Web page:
Presently, total annual horse gambling receipts nationwide are three times that of the United States. While this may not sound like a struggling industry, the Nikkei reports that horse racing receipts have dropped 14% since their peak in 1997 to 230 billion yen. The number of spectators at the track over the past 4 years has similarly fallen 20%. The lack of a really popular racehorse and Japan's economic recession are cited as the reasons. To counter this, the industry has begun making moves.

With sales at the Ohi Racecourse in Tokyo plummeting, a waido payoff system, where tickets selecting two of the top three finishers regardless of the order gain payouts, was implemented two years ago. Though the payouts are smaller relative to a ticket that simply picks the winner, the fans liked the idea and sales increased 12% over the year before. This new policy was on the heels of the advent of night racing at the track - a novelty at the time in Japan. A success as well, night racing is now offered at two other tracks in Tokyo and is popular among young working men and women. The movement to attract young colts and fillies to the races didn't stop there.

On any racing Sunday afternoon at the turf and dirt Tokyo Racecourse, the packed grandstands have started to include something other than the traditional standbys of rolled racing sheets, spilled beer, cigarette smoke, and discarded betting tickets: high heels and Louis Vuitton. This is because more and more women are being lured to the track. 

Attracting women is being used to tap a previously underrepresented demographic. Recently, the JRA has been running print and TV ads featuring heart-throb Takuya Kimura. Other ad campaigns have shown the sport's genteel nature and the romance of horses. Certain days have been designated "Lady's Day" and allow women free admission. Women are also being offered betting classes and even roses at the track. For those with children, pony rides are even available. One such player, 24-year old Miyuki Itou, admits that she finds the enhanced image of horse racing to be alluring. She wagers anywhere from 1,000 yen to over 20,000 yen on her monthly visits. But it doesn't stop with women.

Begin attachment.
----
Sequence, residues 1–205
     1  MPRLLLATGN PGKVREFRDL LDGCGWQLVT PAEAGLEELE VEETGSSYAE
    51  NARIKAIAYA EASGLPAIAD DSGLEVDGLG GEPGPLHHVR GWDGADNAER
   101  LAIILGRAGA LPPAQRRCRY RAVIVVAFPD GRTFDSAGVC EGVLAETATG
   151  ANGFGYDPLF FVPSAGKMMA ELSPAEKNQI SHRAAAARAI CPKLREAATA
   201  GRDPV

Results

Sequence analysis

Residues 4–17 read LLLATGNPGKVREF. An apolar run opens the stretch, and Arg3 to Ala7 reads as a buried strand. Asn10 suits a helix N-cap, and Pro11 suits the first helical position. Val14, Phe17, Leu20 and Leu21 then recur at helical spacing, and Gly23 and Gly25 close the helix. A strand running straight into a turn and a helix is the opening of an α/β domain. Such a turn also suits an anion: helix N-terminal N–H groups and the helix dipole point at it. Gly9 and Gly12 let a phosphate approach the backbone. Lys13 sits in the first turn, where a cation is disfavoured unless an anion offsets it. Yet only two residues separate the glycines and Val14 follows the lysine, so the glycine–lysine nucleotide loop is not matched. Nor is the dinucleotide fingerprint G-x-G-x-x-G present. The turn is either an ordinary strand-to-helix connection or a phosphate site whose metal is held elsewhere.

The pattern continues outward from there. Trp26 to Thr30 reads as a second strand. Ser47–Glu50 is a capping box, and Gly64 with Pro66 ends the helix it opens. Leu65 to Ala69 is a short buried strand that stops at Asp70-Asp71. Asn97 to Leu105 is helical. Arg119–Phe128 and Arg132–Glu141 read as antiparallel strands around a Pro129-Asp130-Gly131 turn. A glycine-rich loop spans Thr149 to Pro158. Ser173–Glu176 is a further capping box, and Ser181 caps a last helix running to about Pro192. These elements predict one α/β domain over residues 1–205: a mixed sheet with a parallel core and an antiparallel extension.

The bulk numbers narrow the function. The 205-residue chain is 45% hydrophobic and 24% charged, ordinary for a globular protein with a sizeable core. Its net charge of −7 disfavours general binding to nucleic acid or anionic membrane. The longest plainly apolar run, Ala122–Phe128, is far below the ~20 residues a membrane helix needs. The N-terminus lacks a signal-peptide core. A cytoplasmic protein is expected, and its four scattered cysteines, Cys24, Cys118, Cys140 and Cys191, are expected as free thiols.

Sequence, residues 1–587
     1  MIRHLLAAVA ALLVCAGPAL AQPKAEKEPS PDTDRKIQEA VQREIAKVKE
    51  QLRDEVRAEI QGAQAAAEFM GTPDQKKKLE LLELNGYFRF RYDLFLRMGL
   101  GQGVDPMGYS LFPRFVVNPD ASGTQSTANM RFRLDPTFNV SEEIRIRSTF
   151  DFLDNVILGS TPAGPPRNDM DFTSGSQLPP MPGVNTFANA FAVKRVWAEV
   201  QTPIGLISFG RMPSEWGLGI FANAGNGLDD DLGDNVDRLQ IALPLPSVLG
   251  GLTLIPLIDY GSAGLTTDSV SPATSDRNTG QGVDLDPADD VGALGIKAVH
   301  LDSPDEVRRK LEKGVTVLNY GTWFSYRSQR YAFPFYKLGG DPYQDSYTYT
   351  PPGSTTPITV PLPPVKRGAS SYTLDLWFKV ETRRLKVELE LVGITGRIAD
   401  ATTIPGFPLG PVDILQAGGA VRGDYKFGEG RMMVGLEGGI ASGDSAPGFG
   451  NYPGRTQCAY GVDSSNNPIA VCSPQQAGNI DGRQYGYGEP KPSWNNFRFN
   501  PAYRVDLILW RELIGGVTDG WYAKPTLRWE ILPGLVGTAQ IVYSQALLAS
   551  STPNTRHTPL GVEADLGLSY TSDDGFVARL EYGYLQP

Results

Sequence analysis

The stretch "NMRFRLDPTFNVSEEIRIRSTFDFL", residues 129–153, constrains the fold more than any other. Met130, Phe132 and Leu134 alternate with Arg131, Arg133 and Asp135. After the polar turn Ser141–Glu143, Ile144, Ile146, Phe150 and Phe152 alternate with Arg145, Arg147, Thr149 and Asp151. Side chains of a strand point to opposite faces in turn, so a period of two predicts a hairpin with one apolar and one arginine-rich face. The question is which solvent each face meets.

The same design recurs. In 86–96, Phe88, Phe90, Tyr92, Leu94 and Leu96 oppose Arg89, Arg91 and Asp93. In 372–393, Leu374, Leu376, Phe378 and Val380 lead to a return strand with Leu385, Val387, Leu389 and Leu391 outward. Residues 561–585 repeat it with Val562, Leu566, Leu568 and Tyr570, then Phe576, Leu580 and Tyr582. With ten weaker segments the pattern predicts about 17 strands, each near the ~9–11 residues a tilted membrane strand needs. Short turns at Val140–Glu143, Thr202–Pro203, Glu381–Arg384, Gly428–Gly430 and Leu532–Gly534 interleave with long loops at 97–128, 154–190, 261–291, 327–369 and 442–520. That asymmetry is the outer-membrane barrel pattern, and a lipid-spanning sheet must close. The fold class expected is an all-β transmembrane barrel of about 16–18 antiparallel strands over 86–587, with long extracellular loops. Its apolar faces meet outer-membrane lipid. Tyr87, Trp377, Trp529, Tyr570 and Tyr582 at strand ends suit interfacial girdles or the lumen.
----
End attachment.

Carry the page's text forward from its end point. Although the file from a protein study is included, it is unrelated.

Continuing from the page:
In 1997, the JRA and the NAR, began combining their races in the name of efficiency. Even though it is respected in Japan far more than the NAR, the JRA's breadth is not large enough to survive in a declining market. A new united policy was implemented and now nearly 250 combined races with horses from both organizations are held each year. The merger's aim is to raise the popularity of racing nationwide with the hope that neither organization will have to be shipped to the glue factory. 

The JRA has also been attempting to present the entire track experience to fans rather than simply providing the betting options. The JRA's recent "Dream Horse 2000" promotion allowed fans to vote for their favorite horses of the century. Their recent "Go, JRA Jockey" promotion gave fans a chance to learn more about the riders. 

Technology is increasing interest through convenience. Through personal computers, convenience store ATMs, or phones, approximately one million Japanese are placing wagers from their home, office, or car, making it even easier for players to bypass the track (and even the off-track shop) entirely. 

Should fans tire of latest technological innovations, what would be next attempt by the industry? The lost nostalgia of spilled beer and cigarette smoke at the track? Stay tuned. 

At the entrance to the newsroom compound, Junko and I paused before entering the lobby.

"This is all well and good for the present state of horse racing," she said, stopping and turning to hand me the report. I tossed my grit into a nearby smoking stand. "But you seem to have simply waved your hand at the history of gambling in Japan."

"Well, you have to understand," I said, pulling my ID badge from my pocket and affixing it to my jacket pocket. "I am starting with the present changes to the nation's number one gambling sport."

"So then, right away we'll get cracking on the Nippon Foundation and its influence on boat racing," she said before getting on the elevator.

I followed, though at the same time realizing that I should have stayed in the back of the taxi a little longer, no matter the price.

Note: Eric Prideaux contributed to this report. Coming next week: a look at back at the Nippon Foundation and a trip to the boat races.